Just three days after he was narrowly confirmed to the US Supreme Court in a 50-48 mostly party line vote despite facing late blooming allegations of sexual assault, Justice Brett Kavanaugh took his seat on the bench on the morning of Oct. 9, solidifying a perceived 5-4 conservative majority for years to come.
Kavanaugh, 53, joined the eight other justices to hear arguments in cases involving a federal criminal sentencing law, bringing the nine-member court back up to full strength after the retirement of Justice Anthony Kennedy, for whom Kavanaugh had previously clerked, in July.
Kavanaugh’s confirmation gave Republican President Donald Trump a major victory, with his second lifetime appointee to the nation’s highest judicial body. Justice Neil Gorsuch had joined the court last year, replacing the late Justice Antonin Scalia.
Kavanaugh’s confirmation was also hailed as a victory for the gun rights movement. His confirmation had been supported by the National Rifle Association, National Shooting Sports Foundation, Citizens Committee for the Right to Keep and Bear Arms and Gun Owners of America.
His confirmation battle in a bitterly divided US Senate was one of the most contentious in history. The battle lines between Republicans and Democrats were drawn immediately after he was nominated by President Trump. Senate Minority Leader Charles Schumer (D-NY) had vowed to do everything in his power to defeat the nominee, who was portrayed as pro-Second Amendment, anti-abortion and pro-government. In the end, the Judiciary Committee hearings that preceded the Senate vote on Saturday Oct. 6 showed a nation divided, mostly along party lines. The hearings were frequently interrupted by raucous demonstrations.
In a way, the partisan hearings were a continuation of the 2016 presidential election, with the Democrats embittered by the loss by Hillary Clinton, who had been considered a shoe-in to become president, still trying to salvage some executive power. Which is not surprising because if Clinton had won the vacancies on the Supreme Court would have been filled by liberal jurists?
Kavanaugh’s elevation to the high court had been considered safe until California university professor Christine Blasey Ford went public with explosive allegations that Kavanaugh had sexually assaulted her in 1982, while they were in high school. Two other women also accused Kavanaugh of sexual misconduct.
Kavanaugh denied the allegations and in a blistering partisan attack during a Senate hearing on Sept. 27, accused Democrats of an “orchestrated political hit.”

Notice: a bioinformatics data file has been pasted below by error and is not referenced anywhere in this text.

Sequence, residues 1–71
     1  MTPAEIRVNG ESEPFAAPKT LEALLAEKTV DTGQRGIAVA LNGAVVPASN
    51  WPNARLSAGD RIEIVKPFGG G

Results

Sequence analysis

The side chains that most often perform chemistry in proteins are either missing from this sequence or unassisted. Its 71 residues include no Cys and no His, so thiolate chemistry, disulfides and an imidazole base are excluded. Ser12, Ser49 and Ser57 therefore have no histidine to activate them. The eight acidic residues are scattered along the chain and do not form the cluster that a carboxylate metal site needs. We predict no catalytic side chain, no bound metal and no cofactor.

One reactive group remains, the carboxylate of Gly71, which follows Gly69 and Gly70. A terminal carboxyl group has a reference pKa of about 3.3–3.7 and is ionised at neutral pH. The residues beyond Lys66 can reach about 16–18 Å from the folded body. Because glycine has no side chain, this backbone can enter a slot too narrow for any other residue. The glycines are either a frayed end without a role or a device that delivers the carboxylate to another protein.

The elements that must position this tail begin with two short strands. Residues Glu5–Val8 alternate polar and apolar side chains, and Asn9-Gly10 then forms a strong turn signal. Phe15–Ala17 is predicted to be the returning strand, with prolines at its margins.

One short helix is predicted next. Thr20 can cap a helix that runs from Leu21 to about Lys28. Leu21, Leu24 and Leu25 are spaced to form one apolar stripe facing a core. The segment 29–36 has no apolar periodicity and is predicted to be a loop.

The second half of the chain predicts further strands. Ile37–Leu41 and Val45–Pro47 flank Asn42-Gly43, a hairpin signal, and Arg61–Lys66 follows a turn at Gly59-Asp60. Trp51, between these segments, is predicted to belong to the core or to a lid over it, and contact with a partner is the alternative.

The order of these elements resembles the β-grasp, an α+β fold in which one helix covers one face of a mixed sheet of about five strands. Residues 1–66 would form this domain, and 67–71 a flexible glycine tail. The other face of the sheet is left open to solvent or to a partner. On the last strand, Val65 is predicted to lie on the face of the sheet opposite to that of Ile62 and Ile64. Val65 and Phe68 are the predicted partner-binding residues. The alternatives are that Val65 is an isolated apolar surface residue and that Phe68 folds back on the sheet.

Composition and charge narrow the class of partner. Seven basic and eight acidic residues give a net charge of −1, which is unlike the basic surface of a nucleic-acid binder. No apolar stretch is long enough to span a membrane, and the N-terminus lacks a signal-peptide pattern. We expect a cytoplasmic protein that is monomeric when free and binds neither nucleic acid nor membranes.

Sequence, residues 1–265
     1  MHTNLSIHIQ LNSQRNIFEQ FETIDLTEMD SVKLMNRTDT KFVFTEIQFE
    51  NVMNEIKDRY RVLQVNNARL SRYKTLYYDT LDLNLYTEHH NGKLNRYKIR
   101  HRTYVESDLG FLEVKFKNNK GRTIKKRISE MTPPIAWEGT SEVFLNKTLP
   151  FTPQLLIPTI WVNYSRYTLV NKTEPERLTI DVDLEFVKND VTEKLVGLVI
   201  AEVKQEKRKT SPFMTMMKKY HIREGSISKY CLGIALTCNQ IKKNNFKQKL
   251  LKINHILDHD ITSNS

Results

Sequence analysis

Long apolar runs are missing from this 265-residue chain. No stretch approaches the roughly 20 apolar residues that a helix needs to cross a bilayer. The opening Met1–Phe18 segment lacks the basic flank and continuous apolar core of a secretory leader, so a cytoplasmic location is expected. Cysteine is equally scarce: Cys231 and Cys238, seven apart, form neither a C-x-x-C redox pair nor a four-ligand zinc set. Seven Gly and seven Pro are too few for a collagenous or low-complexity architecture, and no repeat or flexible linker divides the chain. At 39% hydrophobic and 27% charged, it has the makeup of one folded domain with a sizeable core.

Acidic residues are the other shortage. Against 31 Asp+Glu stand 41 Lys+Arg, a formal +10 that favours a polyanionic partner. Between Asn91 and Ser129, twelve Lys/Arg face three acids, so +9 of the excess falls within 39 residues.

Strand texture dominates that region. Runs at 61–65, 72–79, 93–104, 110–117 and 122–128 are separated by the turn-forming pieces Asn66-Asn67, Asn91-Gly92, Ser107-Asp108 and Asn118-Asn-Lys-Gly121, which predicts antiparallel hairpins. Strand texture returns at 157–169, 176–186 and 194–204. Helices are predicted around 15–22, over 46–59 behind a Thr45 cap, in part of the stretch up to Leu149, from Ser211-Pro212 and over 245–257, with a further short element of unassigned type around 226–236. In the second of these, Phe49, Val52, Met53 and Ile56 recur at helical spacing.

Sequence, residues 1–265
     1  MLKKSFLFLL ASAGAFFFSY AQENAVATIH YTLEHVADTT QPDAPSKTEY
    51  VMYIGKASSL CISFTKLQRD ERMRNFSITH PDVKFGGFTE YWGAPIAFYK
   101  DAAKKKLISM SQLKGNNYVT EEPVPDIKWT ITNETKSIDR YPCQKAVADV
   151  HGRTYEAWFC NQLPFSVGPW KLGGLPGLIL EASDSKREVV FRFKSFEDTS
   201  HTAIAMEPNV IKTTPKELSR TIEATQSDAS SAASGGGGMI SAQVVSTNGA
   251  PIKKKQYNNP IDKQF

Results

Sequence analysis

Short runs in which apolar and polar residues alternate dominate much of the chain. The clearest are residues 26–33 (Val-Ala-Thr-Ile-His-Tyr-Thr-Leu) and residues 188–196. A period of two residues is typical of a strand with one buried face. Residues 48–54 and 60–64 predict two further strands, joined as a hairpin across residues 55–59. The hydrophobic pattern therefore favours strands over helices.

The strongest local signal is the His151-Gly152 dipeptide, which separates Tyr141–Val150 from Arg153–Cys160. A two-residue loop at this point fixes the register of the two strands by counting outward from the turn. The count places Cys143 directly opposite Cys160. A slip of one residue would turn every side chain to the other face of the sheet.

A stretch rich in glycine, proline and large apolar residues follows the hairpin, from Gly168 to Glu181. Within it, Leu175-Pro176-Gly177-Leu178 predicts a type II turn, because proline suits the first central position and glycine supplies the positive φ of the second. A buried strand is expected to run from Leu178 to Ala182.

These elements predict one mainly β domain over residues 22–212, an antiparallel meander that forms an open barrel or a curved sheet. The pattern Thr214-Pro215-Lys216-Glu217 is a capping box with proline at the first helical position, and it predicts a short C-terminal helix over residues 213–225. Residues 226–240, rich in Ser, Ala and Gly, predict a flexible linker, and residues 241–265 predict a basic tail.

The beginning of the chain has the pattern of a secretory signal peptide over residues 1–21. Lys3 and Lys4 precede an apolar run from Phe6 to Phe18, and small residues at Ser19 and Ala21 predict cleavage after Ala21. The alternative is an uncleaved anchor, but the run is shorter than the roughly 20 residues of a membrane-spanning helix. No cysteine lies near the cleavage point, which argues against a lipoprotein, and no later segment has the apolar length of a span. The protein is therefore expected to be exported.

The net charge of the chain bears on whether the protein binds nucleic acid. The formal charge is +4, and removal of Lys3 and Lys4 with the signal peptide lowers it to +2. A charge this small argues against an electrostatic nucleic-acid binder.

He wrote later in a newspaper opinion piece that he regretted some of his comments, but critics said it raised questions about whether he would treat all who come before him fairly. Hundreds of law professors and even retired Justice John Paul Stevens, a Republican appointee, said Kavanaugh’s remarks should disqualify him from the job.
Other analysts said the court’s reputation could suffer as it becomes perceived as a political, rather than a legal, institution.
At a White House ceremony on Oct. 8, Kavanaugh sought to put the confirmation battle behind him, saying he was starting his new job without bitterness.
“Although the Senate confirmation process tested me as it has tested others, it did not change me,” he said, according to several news reports.
Kavanaugh moves to the Supreme Court after spending 12 years as a judge on the influential US Court of Appeals in Washington, where he built a conservative judicial record and a reputation for being affable and well-prepared.
Although his reputation was tarnished by the sexual misconduct claims, Kavanaugh said during his confirmation hearings that he had a record of promoting women in the legal profession.
All four of the law clerks Kavanaugh has hired this term are women, which is a first for a Supreme Court justice. After several women’s rights organizations suggested President Donald Trump’s pick for the next Supreme Court justice doesn’t have the support of women, a group of former female clerks came out to defend their former boss.
“I’ll be the first justice in the history of the Supreme Court to have a group of all women law clerks. That is who I am. That is who I was,” Brett Kavanaugh said on Sept. 27, testifying after the emergence of sexual misconduct allegations.
And he is the first Supreme Court justice in history to deliver on that pledge.